The cities' bids were supported by the rival "Copper Kings," William A. Clark and Marcus Daly, respectively. Missoula won the legislative vote for the new university at the Third Montana Legislative Assembly in February 1893; the University was formally opened in 1895. While plans for a university campus were progressing, classes were temporarily held at nearby Willard School; the South Missoula Land Company, owned by A. B. Hammond, Richard Eddy and Marcus Daly, joined with the Higgins family in donating land for the new campus. In June 1898 the cornerstone for A. J. Gibson designed University Hall was laid and Missoula became "the University City." The University of Montana comprises eleven full colleges and schools: College of Humanities & Sciences. A. Franke College of Forestry and Conservation; the Phyllis J. Washington College of Education and Human Sciences is divided into five academic departments and the Institute of Educational Research and Service. In 1914, the University of Montana School of Law became a member of The Association of American Law Schools and in 1923, the School received accreditation from the American Bar Association.
The W. A. Franke College of Forestry and Conservation offers five undergraduate majors and five Master's of Science and three PhDs. Applicants For the fall 2017 term, 6,182 students applied to the University of Montana. Ninety-three percent were accepted; the entering freshman class had an average high school GPA of 3.55, the middle 50% range of SAT scores were 540-650 for reading and writing, 520-620 for math, while the ACT Composite range was 21–26. The original plan of the University campus was designed by one of its first professors, Frederich Scheuch, who called for the central oval to be surrounded by immediate and future University buildings. Although Scheuch's plan called for all building entrances to face the center of the Oval, forming a radiating building pattern, buildings were constructed with three-story in the Renaissance Revival style, with hipped roofs and Spanish green roof tiles; the first set of buildings were set up around the oval in 1895. Since that time, various campus plans and architectural styles have been used.
Today the campus consists of 220 acres and is bordered to the east by Mount Sentinel and the north by the Clark Fork River. The main campus comprises 64 buildings, including nine residence halls and various athletic venues, including Washington–Grizzly Stadium, a 26,500-seat football stadium and the Adams Center, a 7,500-seat multi-purpose arena where the university's basketball teams play. Landmarks include: The OvalA 3 acres swath of grass running east to west, marking the traditional center of the university. Today it is divided into quadrants by two intersecting brick-laid paths, though the oval was solid grass and forbidden to be crossed by students. A double row of trees was planted around the oval on Arbor Day 1896, but many of the trees have since died and are in the process of being replanted; the original gravel driveway that once surrounded the Oval has been replaced by sidewalk. The original master plan of the university called for all buildings to face the center of the oval, but this plan proved difficult and a new plan was created in 1935.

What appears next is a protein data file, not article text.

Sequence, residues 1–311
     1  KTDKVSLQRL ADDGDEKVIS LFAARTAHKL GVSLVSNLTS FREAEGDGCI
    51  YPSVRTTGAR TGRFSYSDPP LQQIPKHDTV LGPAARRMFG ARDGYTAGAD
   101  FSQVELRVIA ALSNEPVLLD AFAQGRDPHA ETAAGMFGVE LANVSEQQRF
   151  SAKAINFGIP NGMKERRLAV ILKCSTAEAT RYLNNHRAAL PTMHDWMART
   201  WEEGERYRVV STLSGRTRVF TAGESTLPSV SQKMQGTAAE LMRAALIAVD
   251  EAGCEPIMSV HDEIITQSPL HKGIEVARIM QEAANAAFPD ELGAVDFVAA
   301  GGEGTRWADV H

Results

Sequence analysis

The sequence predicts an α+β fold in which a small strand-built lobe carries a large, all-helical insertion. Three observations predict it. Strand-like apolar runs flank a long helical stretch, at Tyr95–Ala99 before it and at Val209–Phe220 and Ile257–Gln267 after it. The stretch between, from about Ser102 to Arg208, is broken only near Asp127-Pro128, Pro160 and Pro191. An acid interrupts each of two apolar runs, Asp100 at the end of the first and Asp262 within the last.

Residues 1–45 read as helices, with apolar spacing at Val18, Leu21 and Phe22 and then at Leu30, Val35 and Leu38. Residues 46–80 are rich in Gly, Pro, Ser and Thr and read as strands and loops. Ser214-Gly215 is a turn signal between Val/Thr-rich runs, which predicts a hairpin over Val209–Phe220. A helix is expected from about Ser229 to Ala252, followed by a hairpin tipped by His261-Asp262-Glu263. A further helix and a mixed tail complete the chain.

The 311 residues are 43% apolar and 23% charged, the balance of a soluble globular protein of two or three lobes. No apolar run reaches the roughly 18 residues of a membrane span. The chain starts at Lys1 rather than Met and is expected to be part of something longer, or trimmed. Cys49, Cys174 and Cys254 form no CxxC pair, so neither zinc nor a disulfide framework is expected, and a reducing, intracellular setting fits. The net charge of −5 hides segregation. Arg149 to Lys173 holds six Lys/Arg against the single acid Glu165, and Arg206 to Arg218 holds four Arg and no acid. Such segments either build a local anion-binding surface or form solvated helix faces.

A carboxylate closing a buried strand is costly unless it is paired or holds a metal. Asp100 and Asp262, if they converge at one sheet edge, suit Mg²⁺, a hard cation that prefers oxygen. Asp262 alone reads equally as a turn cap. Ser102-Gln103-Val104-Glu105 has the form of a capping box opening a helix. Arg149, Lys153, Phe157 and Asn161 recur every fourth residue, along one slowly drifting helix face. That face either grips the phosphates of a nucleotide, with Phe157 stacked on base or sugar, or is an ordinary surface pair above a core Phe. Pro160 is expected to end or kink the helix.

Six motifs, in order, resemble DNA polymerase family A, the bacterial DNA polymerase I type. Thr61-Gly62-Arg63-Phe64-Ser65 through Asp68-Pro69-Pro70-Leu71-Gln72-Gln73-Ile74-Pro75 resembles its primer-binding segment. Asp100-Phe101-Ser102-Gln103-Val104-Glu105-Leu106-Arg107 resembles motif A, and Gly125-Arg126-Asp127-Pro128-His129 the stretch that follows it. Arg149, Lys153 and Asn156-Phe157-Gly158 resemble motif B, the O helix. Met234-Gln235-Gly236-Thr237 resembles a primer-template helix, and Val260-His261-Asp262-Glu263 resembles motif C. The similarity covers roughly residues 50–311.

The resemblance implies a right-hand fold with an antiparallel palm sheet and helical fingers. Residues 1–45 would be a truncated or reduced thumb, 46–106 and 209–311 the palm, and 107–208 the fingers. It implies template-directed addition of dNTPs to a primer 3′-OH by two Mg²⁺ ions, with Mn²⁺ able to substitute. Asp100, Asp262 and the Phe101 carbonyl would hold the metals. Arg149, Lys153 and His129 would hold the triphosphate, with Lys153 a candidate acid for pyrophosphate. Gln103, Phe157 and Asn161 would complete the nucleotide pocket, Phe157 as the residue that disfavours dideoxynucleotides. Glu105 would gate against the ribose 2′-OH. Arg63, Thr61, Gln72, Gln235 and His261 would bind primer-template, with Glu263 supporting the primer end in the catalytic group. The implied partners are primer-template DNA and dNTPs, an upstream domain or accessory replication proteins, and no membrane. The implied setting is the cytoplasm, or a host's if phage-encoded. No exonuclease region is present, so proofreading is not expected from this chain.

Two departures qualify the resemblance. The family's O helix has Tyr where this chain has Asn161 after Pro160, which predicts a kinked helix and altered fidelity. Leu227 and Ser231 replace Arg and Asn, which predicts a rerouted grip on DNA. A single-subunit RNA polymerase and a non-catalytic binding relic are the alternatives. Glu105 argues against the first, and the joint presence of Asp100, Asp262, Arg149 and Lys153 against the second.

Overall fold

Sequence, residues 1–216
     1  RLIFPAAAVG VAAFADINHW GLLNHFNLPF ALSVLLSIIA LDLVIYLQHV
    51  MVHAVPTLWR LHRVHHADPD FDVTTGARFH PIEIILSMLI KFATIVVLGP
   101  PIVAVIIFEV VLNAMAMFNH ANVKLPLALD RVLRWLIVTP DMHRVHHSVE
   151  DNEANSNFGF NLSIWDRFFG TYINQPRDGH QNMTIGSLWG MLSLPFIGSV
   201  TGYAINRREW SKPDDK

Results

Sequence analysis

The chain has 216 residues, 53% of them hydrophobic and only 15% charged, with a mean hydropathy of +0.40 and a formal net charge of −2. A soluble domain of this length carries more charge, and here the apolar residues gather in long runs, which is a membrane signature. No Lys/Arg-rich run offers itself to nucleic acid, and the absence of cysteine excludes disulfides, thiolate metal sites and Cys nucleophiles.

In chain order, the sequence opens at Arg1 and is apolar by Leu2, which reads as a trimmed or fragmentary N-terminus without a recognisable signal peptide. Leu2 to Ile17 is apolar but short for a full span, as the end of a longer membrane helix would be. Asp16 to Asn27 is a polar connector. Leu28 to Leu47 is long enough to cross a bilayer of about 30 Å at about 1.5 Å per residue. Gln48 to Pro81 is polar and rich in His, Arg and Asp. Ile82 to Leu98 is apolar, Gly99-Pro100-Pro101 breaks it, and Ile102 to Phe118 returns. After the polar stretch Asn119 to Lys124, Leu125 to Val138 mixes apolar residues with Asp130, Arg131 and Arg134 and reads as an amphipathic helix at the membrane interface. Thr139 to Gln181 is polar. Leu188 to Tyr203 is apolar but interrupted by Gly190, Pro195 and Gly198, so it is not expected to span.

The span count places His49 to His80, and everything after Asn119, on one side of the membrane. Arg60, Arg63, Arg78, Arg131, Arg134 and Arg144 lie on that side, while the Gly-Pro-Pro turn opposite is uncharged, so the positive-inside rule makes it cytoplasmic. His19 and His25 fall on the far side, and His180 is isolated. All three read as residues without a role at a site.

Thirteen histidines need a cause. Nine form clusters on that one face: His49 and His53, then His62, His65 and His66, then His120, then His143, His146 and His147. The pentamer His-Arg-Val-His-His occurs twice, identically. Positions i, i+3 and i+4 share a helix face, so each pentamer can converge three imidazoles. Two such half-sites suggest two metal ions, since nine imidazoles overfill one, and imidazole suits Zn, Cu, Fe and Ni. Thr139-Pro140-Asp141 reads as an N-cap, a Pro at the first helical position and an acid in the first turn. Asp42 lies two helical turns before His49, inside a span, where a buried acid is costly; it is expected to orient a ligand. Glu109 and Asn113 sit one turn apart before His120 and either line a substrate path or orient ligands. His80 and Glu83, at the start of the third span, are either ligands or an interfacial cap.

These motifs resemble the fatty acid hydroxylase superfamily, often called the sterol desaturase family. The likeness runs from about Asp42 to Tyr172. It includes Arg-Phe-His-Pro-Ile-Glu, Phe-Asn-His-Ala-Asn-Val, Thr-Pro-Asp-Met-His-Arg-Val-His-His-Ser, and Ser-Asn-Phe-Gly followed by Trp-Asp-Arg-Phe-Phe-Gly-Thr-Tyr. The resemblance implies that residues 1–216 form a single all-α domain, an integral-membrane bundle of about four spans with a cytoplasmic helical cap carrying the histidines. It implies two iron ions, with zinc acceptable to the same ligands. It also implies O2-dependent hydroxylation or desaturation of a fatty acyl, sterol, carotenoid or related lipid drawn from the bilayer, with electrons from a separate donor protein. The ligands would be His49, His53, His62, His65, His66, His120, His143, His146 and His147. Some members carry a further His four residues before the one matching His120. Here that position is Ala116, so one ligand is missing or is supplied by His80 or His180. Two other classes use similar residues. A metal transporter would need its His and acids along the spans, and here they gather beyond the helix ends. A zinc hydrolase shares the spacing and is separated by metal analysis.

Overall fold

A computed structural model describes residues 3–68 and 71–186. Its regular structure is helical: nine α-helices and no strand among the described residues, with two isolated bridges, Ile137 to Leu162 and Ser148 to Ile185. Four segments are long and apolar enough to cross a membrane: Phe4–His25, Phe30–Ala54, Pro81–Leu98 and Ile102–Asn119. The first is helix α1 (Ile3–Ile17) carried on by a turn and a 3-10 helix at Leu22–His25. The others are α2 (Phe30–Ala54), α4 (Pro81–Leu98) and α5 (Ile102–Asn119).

On the western extreme of the Oval is a life-sized grizzly bear statue created by ceramic artist and sculptor Rudy Autio in 1969. The bronze statue took one year to create. Many photographs of the university picture the bear with the Oval, University Hall, Mount Sentinel's'M' in the background; the "M" trailA 3/4 mile long trail with 13 switchbacks that rises 620 feet from the University of Montana at the base of Mount Sentinel. The trail offers sweeping views of the city below. There is debate of. Around 1908, members of the Forestry Club forged a zigzag trail up the mountain and students carried up stones to shape the symbol of the University of Montana. Originall
Patricia Davies Clarkson is an American actress. She has starred in numerous leading and supporting roles in a variety of films, ranging from independent features to major studio productions, her accolades include one Academy Award nomination, two Golden Globe Award nominations, four Screen Actors Guild Award nominations, one Tony Award nomination, two Primetime Emmy Awards, two National Society of Film Critics Awards, one British Independent Film Award. Born and raised in New Orleans to a politician mother and school administrator father, Clarkson earned a degree in drama from Fordham University before attending the Yale School of Drama, where she graduated with a Master of Fine Arts degree, she made her feature film debut in Brian De Palma's mob drama The Untouchables, followed by a supporting role in Clint Eastwood's The Dead Pool. After appearing in numerous minor roles in the early and mid-1990s, she garnered critical attention for her portrayal of a drug-addicted actress in the independent drama High Art.
Clarkson went on to appear in numerous supporting roles in such films as The Green Mile, The Pledge, Dogville. She garnered further critical acclaim in 2003 for her performances in the drama films The Station Agent, which earned her a Screen Actors Guild Award nomination, Pieces of April, for which she was nominated for a Golden Globe and an Academy Award for Best Supporting Actress. Clarkson appeared as a recurring guest star on the HBO series Six Feet Under from 2002 to 2006, won two Primetime Emmy Awards for her performance. Other credits from the 2000s include Good Night, Good Luck and the Real Girl, Elegy. In 2010, Clarkson had a supporting role in Martin Scorsese's thriller Shutter Island, followed by roles in the mainstream comedies Easy A and Friends with Benefits, she subsequently portrayed the villainous Ava Paige in its two sequels. She returned to theater in 2014, playing the role of Madge Kendal in a Broadway production of The Elephant Man, for which she was nominated for a Tony Award for Best Featured Actress.